That simple story, intended to convey the importance of every worker doing his best, has impacted my leadership strategy in the church as well. Recently thinking about the important people God used in my life to encourage and strengthen me in my faith,  I recalled several pastors, many other faithful men and women of God. But above all those whom God has placed in my faith journey, no one person God has used may be more crucial to shaping who I am now than a man whose name I never knew. This gentleman never preached a sermon to me, nor did he teach me a bible lesson. We only met one time and we never shared anything other than a handshake and smiles. What makes this unknown man so important in my life is what God decided to do with his simple act of faithful service. On a random Sunday in the summer of 2005, at a side entrance to Walnut Memorial Baptist Church in Owensboro Kentucky stood a grey haired man holding the door open. What he didn’t know was a young man had been sitting in his truck for two previous Sunday’s looking at that church from across the street trying to talk himself into going in. That young man had wandered far from God since he had first committed his life to follow Jesus when he was 15. He was empty, without joy, and clothed in shame. I never saw my grey haired blessing the previous Sunday’s I sat in my car with fear and anxiety. I laid wounded on the battlefield of spiritual warfare, unable to aid myself and ignorant of what I truly needed. But that blessed day, God’s servant stepped outside with bulletins, a friendly smile, and a warm welcome. To the others coming in that door he was commonplace and easily forgettable. But to me that day he was God’s answer to an unknown desperate prayer. With trepidation I made my way across the street to that door to find something that I had been missing for several years. When our eyes met I could tell this dear saint knew, through spiritual guidance or my disheveled look, I was new here. Maybe this is what every good greater is prepared for and finds fulfillment in, a wayward visitor looking for help. I expected for him to greet me and hand me a bulletin, which he did in a way that made me feel like I was walking into my grandparents house for Christmas. What I didn’t expect was how he reacted when I confirmed what he already knew by telling him this was my first visit. Without hesitation he told me to follow him and he would guide me to the worship center and help me find a seat. My polo and khaki shepherd left the 99 to help clear the path for repentance and restoration for the 1. I don’t remember what songs we sang that morning or even what the pastor said during the sermon. What I will always remember is the simple act of service that God used to alter the course of my life.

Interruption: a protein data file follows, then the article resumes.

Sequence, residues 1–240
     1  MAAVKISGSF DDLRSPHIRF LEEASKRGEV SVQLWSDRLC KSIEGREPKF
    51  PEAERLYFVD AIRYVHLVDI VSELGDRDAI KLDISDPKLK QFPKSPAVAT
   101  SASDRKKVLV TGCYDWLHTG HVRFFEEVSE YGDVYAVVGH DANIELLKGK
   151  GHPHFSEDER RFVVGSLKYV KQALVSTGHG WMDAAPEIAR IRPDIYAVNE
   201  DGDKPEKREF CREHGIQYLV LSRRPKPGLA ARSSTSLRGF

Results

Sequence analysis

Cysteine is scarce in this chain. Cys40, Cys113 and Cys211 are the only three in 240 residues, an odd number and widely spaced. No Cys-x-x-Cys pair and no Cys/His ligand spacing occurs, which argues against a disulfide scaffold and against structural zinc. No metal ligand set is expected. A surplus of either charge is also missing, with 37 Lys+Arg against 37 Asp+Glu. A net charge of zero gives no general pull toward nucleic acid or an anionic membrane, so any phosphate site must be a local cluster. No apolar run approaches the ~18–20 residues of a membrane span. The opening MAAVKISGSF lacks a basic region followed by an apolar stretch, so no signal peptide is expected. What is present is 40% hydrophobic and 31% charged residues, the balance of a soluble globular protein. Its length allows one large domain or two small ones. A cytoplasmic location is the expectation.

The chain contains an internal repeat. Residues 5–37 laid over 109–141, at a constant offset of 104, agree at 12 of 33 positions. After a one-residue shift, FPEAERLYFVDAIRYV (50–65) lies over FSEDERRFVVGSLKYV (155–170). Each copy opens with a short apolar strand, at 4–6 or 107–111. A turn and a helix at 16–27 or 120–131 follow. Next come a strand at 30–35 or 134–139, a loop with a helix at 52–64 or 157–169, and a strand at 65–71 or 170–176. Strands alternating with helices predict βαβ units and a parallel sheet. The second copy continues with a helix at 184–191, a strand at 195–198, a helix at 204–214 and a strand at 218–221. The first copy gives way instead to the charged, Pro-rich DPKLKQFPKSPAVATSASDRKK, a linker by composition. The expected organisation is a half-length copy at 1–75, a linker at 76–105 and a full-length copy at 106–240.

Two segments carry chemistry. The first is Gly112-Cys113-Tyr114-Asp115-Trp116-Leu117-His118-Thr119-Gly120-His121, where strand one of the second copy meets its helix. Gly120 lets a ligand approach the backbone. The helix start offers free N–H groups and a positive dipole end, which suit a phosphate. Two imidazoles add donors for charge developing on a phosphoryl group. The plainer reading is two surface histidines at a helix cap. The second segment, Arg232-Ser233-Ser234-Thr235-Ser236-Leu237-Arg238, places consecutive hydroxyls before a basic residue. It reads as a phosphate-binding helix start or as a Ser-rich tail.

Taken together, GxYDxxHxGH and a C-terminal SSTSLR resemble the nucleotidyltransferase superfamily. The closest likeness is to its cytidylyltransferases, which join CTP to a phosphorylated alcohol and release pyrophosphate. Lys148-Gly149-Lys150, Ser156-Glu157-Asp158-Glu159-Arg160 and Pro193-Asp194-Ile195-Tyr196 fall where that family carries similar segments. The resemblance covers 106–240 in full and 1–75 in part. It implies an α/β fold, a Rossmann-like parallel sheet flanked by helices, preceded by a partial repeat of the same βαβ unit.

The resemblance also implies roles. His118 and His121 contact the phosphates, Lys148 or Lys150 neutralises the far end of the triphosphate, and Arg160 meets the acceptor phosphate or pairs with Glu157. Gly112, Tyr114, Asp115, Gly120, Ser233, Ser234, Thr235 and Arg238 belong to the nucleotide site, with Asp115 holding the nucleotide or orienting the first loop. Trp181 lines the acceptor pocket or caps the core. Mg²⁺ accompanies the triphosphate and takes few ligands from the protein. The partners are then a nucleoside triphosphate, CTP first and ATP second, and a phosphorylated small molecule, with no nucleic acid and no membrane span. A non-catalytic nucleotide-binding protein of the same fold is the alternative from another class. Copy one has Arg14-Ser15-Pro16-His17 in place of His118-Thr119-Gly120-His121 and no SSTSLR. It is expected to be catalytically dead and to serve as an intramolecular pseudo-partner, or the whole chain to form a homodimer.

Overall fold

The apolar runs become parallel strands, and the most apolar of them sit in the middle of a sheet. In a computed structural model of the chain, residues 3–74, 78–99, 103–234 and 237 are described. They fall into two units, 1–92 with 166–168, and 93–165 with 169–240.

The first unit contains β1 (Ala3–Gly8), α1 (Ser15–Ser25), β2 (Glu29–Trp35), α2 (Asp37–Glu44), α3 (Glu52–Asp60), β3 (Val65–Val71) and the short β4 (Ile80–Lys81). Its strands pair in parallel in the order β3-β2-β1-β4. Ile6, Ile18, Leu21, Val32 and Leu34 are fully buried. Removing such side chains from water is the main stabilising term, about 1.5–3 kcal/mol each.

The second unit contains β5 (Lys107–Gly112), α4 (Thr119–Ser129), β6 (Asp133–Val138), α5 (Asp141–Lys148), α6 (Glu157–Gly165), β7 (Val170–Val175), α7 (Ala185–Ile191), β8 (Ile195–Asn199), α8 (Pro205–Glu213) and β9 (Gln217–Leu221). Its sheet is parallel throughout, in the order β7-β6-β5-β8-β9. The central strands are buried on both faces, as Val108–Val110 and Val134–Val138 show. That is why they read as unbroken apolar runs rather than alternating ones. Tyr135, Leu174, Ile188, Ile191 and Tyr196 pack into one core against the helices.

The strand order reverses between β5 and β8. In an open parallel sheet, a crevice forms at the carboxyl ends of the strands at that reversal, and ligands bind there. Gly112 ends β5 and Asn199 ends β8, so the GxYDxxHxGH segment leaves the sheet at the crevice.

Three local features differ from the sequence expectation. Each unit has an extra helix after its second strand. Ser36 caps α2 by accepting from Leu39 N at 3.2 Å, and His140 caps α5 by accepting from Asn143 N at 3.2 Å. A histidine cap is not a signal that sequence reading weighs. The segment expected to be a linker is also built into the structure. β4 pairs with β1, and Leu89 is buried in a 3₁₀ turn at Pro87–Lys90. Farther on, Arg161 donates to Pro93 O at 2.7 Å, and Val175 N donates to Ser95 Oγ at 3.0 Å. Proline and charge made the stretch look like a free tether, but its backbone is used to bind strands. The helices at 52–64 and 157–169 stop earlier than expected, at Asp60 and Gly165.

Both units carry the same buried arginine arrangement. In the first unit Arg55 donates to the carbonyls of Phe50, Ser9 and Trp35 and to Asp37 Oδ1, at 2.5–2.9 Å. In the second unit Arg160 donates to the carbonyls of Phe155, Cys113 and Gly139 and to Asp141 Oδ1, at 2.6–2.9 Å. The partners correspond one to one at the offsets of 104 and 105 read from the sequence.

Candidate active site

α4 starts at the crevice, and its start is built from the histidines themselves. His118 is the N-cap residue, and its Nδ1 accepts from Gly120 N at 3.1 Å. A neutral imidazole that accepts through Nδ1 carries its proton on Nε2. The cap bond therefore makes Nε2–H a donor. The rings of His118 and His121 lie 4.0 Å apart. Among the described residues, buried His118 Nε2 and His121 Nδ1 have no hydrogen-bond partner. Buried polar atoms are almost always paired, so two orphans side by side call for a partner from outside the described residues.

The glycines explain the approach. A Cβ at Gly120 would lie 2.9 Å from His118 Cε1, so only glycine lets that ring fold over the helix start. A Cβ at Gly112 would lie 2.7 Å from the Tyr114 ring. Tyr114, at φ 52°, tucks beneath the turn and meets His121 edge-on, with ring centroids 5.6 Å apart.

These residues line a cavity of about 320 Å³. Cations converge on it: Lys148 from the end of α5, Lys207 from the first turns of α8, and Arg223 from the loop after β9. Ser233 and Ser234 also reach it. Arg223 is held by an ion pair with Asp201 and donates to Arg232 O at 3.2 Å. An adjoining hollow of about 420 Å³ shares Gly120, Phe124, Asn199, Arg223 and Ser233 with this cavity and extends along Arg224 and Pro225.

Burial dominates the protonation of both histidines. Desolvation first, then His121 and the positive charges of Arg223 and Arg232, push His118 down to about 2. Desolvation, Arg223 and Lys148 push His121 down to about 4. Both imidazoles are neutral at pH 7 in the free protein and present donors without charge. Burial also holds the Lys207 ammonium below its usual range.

God would call me a few years later to serve his people as a pastor of students in Indiana and later as a lead pastor just 20 miles from Walnut Memorial. Over the last twelve years I have had the privilege to be discipled by several great pastors and teachers. My journey continues to be guided by Spirit filled people, like my wife, whom God uses on a regular basis to help shape me into the man he desires. We should rightly give honor and respect to those gospel giants whom God uses to speak truth and extend grace in our lives. I would bet that the man who received me with kindness that day, never preached to hundreds, was never asked to speak at a conference, or ever published a book. But what I can say with confidence is that his seemingly minor and obedient act of service has made the most difference in my life. It is quite possible that this gentleman has already went on to glory, never seeing the full extent of his labors. But I believe one day I will be standing in line with many to embrace my brother and say thank you.

Leave a Reply

Fill in your details below or click an icon to log in:

WordPress.com Logo

You are commenting using your WordPress.com account. Log Out /  Change )

Google+ photo

You are commenting using your Google+ account. Log Out /  Change )

Twitter picture

You are commenting using your Twitter account. Log Out /  Change )

Facebook photo

You are commenting using your Facebook account. Log Out /  Change )

Connecting to %s

Create a website or blog at WordPress.com

Up ↑

%d bloggers like this: